The recent violence in our country – and the passionate debates it has sparked – have led me to reflect on the emotional state of our country and the battle being waged between good and evil.
I thought back to comments I gave earlier this year at a naturalization ceremony. These new citizens were gifted with the opportunity to forge for themselves a new American identity, complete with all its blessings, possibilities, and responsibilities.
That morning at the U.S.S. Alabama Battleship Memorial Park, I spoke of the American belief in self-government, that ‘we the people’ can govern ourselves. To successfully execute such a radical (at the time) idea, we had to found our nation on some basic values. From our adherence and loyalty to those values, our American character was created.
I quoted the words of the nineteenth century French observer of early America, Alexis De Tocqueville, written several decades after our nation’s founding. He said “America is great because she is good. If America ceases to be good, America will cease to be great.”
De Tocqueville knew that democracy, in many ways, is a burden upon its people. They cannot rely on the direction of an autocrat. In a democracy, more so than other systems of government, the nature of its people is reflected in their government. De Tocqueville knew that for a representative democracy like ours to remain, its people must be virtuous. That is a big responsibility!
With the goal of creating and preserving a virtuous society, our founders laid out fundamental principles. Our natural rights were given to us by God. Government is instituted by men to protect those rights. With our rights preserved, our values can flourish.
Those values have led to the traditions, vibrancy, and endurance of American culture.
We all know that our country is one of religious freedom. Each of us can practice any religion we choose or none at all. The establishment clause of our constitution prohibits an official state religion.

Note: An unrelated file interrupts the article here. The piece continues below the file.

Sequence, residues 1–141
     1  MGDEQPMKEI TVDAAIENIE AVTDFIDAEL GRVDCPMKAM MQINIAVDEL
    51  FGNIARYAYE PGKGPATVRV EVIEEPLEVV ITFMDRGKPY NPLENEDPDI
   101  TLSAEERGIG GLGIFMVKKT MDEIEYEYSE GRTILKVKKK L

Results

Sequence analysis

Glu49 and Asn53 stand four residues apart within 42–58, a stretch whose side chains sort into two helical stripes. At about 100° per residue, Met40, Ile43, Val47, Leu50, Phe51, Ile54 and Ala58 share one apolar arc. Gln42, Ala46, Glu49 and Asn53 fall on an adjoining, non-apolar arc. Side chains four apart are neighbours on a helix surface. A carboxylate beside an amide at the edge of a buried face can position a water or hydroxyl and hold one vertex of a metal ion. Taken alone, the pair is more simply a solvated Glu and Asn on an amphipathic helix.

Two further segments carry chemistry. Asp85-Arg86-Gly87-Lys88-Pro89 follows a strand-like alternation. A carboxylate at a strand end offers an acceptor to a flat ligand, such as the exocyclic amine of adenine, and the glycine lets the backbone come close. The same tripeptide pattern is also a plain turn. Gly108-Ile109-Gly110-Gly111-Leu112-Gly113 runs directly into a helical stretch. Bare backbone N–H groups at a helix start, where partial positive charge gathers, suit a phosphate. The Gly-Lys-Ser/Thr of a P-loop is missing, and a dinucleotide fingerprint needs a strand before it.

However, our nation has increasingly rejected our foundational beliefs in natural rights and moral absolutism – that there is universal right and wrong that does not change. Without these beliefs, law and order and even good and evil are subjective. Not only can these definitions change from generation to generation, but conflicting value systems will clash violently in the present.
Unfortunately, the post-modern world in which we live seeks not only to undermine religious freedom but moral absolutism itself. These attacks are no longer limited to the salons of liberal coastal enclaves. They are now taking place in the halls of Congress.
I’m also troubled by the weakening of an American quality that has served to keep our large and diverse nation together—our sense of community.
Communities are not made up of thousands of Twitter followers or Facebook friends. They are forged through the personal interactions all humans need. They are forged at neighborhood parties, Little League practices, Friday night football games, and places of worship.
Unfortunately, in recent decades, our sense of community has been lost, and the consequences have been swift and severe. Technologies initially projected to bring us together have led to a growing epidemic of crushing isolation. Mental health issues have skyrocketed.
The result has been a fundamental breakdown of American society. To reverse the trend, we must return to the values and sense of community that made America strong.
These traditional American values are Alabama values. They have guided me as a son, brother, father, and now grandfather. They are the values that guide me in Washington.
I will not remain silent while those who cherish these values are attacked and blamed for problems caused by the rejection of what made us great. American values – and our rights – must be defended.